“Defiance” and Fan Interaction/Influence

On April 2nd, Trion Worlds and SyFy will release a multi-platform game titled Defiance.

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This will be a 3rd person, MMO science fiction shooter set in a dystopian future San Francisco. There’s an alien invasion, the threat of the extinction of humanity as we know it, a terraforming event- pretty standard science fiction stuff. The game is being released on the X360, the PS3, and PC systems. The world itself is cross-platform- if three people are playing on three different platforms, they’re still able to interact with one another and exist in the same world. For those of you who are not into gaming, just know that this concept is just bananas. Bananas! But I digress. The game is a precursor to the release of the acompanying TV show, Defiance.

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Set in a destroyed St. Louis, but in the same universe as the game, the television series follows the character of Joshua Nolan as he acts as the local lawman for his shambled border town of Defiance.

Now. With our powers combined…..

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CONVERGE!

The motto of the two pieces of media is “Watch the Show. Play the Game. Change the World”. It’s here that Defiance becomes an interesting piece of convergence. The game and the show are going to be directly related to one another, and not just that they exist in the same universe. Some of the more prominently spoken about, and fascinating, examples of convergence are:

1) Player’s characters in the game are going to be worked into the TV series as background characters.

2) Events that happen in both worlds will be referenced in the opposite (i.e. something major happens in the story arc of the TV show, it then impacts the game world).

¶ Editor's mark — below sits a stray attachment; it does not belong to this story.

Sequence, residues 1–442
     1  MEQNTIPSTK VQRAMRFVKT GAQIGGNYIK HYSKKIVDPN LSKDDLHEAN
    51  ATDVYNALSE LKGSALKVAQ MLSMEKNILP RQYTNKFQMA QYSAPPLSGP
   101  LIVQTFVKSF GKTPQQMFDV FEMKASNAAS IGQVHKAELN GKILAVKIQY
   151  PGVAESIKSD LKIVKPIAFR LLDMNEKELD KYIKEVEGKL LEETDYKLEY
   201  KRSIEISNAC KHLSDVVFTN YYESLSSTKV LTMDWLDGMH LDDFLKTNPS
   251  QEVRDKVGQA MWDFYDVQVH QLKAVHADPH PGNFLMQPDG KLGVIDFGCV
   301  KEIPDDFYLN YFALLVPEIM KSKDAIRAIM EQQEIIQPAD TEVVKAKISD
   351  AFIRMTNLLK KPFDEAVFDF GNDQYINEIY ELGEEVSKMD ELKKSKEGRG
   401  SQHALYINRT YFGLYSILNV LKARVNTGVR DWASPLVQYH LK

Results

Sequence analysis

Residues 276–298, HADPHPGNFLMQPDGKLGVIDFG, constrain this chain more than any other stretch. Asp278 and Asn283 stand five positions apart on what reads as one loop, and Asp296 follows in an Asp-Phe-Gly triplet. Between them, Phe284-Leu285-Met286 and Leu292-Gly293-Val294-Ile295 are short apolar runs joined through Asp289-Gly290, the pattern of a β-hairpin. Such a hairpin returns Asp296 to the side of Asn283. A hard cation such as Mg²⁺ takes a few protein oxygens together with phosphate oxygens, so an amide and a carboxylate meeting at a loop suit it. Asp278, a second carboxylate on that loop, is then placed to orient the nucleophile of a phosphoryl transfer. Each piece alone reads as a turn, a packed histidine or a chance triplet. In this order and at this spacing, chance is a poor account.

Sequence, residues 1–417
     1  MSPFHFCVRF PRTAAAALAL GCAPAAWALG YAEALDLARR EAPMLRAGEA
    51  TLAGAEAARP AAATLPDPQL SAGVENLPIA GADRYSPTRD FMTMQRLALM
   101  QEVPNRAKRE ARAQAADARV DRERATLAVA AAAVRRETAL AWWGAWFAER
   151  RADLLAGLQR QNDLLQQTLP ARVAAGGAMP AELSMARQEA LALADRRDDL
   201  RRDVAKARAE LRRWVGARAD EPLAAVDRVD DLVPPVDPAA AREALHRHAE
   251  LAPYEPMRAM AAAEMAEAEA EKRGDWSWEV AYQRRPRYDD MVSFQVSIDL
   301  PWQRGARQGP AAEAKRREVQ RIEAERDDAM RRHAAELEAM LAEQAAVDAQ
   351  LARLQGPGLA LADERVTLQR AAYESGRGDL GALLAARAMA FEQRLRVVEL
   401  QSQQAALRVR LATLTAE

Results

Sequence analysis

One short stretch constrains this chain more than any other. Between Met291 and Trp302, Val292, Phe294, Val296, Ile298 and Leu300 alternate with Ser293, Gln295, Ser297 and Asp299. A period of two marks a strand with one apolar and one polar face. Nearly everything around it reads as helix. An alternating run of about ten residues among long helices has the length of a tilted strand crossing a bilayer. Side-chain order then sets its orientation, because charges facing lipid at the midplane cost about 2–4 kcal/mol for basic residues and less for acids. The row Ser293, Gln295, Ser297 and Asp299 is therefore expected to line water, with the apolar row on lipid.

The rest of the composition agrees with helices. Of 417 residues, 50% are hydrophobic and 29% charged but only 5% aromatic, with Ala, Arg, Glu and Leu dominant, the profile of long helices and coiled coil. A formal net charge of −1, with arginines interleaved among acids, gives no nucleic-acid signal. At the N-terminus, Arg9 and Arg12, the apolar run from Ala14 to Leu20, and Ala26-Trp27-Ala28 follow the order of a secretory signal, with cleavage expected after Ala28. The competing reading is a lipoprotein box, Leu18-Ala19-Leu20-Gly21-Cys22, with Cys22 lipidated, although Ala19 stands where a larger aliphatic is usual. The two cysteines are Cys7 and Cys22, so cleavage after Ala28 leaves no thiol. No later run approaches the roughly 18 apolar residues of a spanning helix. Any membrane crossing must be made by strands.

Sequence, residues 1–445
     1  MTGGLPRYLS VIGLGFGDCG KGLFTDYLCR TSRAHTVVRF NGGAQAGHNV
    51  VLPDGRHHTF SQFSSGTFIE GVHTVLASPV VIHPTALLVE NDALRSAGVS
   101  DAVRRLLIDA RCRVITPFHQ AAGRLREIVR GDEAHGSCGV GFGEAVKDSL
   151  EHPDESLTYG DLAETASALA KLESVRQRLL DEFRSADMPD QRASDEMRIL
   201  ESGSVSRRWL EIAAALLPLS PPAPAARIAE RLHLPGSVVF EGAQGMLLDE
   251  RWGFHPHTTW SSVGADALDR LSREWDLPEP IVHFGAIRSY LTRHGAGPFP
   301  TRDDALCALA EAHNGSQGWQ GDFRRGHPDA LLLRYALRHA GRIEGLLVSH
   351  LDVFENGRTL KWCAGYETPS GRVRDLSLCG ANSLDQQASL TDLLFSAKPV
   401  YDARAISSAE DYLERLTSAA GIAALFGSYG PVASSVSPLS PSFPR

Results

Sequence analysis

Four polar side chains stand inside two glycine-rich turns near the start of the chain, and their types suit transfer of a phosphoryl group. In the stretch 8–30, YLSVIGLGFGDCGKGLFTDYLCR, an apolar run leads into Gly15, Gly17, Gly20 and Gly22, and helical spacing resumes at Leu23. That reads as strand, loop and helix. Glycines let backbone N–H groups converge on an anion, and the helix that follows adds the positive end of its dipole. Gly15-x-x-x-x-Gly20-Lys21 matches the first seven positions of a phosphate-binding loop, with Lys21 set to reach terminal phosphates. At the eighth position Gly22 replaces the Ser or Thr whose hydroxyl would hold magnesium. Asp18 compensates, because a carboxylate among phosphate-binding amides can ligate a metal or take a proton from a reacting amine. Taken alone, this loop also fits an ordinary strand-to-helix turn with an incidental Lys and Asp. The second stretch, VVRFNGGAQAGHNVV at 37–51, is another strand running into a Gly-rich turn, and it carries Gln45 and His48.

3) Characters from the TV show will leave for a few weeks from the series to do work in San Francisco (the game world), and will then appear in the game world for that amount of time. Upon returning to St. Louis (the TV world), they’ll speak about their exploits in the game world, including potentially referencing game events and specifically memorable interactions with players.

4) The potential that particularly memorable players or events from the game will be referenced in the TV series.

What happens on the show influences the actions of the game, and what happens in the game will influence the show.

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Bananas!

I digress again.

The narrative world of Defiance is allowing its fan base to, essentially, have a direct say in the events of the TV series, and become a part of the narrative of the overall world. This is an incredibly ambitious idea, which could go any which way in terms of success. Only time will tell if SyFy and Trion are going to follow through with these ideas, or if they’re going to experience a Peter Molyneux-esque fallout (for those who don’t know, look up the death threats he received because his game Fable did not include the acorn tree he promised). However, the genius behind this idea is that they are coming at attracting the fan base in an incredibly unique way. There are almost countless options on TV these days to entertain one’s self with. SyFy and Trion are looking at how they can engage the audience directly, and have them become personally invested in both the TV series and the game. After all, what they do will actually matter. It’s a Producer/Consumer and Fans/Script interaction that has never been seen before.

And so, dear classmates, I ask you: Do you think that this approach, should it prove successful, could influence how other media producers decide on including their audiences? Does the Defiance crossover fit into Jenkins’ definition of convergence?

 

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